In items that are traditionally discarded in the process of cooking lurk opportunities for new flavors and dishes. Or rather, more likely that one cook's trash is another cook's culinary find is an appropriate dictum. Particularly when we cross cultural boundaries. I've bemoaned that one difference between the incarnation of Iron Chef America from its Japanese predecessor is that the Americans think nothing of preparing just the choice bits of an animal (more often the filet of the fish) while the Japanese cook everything down to the scales. Taking that to heart, we tackle:

The fish head stew! I've been admonished to write down how this was prepared, and I must admit I take inspiration from Malaysian flavors. First of all, about the fish - larger fish are preferred, something like salmon is about the smallest I'd go. Be sure to ask your fish monger to remove the gills - more likely best accomplished by actually splitting the head.
see, doesn't that look friendly? We salted both sides of the fish well, and fired up the broiler (though not without seriously considering using the grill instead). Oh, well, with the heat coming from above, we started broiling cut side up.

The goal is to get a good bit of caramelization on the fish. After a nice broil, we flip the fish over, and kept on broiling until this stage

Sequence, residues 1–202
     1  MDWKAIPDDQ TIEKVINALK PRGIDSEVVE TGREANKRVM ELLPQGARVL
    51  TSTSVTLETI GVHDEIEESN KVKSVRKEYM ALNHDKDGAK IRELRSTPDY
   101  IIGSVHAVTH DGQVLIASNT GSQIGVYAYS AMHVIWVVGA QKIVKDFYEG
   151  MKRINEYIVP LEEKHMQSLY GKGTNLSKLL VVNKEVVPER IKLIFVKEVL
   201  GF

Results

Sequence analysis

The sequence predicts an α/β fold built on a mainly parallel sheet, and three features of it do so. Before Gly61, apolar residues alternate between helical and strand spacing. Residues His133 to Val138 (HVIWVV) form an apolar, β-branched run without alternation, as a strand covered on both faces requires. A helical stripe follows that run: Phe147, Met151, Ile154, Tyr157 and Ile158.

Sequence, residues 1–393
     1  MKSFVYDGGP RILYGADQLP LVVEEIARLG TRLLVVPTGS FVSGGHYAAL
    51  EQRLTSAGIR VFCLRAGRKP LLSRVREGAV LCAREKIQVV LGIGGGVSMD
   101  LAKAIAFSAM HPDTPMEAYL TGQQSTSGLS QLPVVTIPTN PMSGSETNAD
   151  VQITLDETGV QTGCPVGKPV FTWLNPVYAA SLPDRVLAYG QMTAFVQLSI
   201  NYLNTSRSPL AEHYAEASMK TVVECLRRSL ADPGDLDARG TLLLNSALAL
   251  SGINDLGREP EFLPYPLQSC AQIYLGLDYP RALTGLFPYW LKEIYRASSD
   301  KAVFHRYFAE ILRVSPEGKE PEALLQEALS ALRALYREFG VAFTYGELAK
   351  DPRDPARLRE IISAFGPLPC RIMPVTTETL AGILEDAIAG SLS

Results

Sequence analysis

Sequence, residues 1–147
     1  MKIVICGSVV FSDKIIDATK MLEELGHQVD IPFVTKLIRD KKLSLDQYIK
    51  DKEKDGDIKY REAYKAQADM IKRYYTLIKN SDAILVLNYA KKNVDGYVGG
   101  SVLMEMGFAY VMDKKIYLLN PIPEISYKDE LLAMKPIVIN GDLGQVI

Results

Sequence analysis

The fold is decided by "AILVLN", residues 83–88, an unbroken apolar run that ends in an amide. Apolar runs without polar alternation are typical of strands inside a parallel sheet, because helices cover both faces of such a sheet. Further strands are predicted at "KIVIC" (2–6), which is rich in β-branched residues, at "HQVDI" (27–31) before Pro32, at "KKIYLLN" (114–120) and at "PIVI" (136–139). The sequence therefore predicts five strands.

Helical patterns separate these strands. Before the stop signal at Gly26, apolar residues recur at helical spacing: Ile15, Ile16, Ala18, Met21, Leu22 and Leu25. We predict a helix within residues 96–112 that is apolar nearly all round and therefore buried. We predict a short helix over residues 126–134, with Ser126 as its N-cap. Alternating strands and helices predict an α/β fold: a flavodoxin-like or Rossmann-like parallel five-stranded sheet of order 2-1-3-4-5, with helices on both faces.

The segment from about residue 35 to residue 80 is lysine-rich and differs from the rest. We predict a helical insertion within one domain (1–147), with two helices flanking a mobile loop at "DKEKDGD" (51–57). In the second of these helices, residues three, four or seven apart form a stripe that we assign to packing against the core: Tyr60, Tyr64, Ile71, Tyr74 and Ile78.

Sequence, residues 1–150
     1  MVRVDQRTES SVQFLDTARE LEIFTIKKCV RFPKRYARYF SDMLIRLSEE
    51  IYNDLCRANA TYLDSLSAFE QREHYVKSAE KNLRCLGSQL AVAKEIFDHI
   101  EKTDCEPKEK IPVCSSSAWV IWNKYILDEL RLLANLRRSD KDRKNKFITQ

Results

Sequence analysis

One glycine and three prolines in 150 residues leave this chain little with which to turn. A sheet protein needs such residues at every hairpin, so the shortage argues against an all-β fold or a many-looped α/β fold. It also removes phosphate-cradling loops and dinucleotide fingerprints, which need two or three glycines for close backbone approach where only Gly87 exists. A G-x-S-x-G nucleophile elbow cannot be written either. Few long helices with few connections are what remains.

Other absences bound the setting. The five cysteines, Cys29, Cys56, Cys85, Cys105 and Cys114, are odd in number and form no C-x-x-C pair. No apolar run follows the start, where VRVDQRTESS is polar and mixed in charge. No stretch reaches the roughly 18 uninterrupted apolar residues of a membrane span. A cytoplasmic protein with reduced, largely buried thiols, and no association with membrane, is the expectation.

Nice, a few charred parts. Perfect. That was thrown whole into a large stock pot, and added enough water to come up to halfway to the fish.

Then the aromatics: 3 sprigs of celery, roughly chopped, a knob of sliced ginger, about 8 cloves of garlic, roughly chopped, a good bit of dried lemongrass (I would have preferred fresh, but I can't be too choosy), about five cloves, a tablespoon of chili garlic paste, a bit of ground turmeric, cumin, and black pepper, a few dried shiitake mushrooms, a can of coconut milk, and some additional water until it is just about covered. We brought it up to a boil, and simmered for about 40 minutes. We adjusted for salt, and added some cider vinegar to balance the richness, and to bring out a bit of tang. At the end, we added a couple of fresh tomatoes.

The resulting soup was a riot. The fish flesh itself is toothsome when it is this close to the bone. Certainly, we could have strained the soup (as the broth itself is redolent with flavor and unctuousness), but we opted to be rustic about it.

Thursday, January 1, 2009